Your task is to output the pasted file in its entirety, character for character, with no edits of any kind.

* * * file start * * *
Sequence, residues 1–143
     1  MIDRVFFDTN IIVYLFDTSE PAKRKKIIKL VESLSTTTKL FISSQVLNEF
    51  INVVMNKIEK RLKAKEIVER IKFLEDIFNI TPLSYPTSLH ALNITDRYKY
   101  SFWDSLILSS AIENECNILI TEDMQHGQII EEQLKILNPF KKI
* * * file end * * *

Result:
Sequence, residues 1–143
     1  MIDRVFFDTN IIVYLFDTSE PAKRKKIIKL VESLSTTTKL FISSQVLNEF
    51  INVVMNKIEK RLKAKEIVER IKFLEDIFNI TPLSYPTSLH ALNITDRYKY
   101  SFWDSLILSS AIENECNILI TEDMQHGQII EEQLKILNPF KKI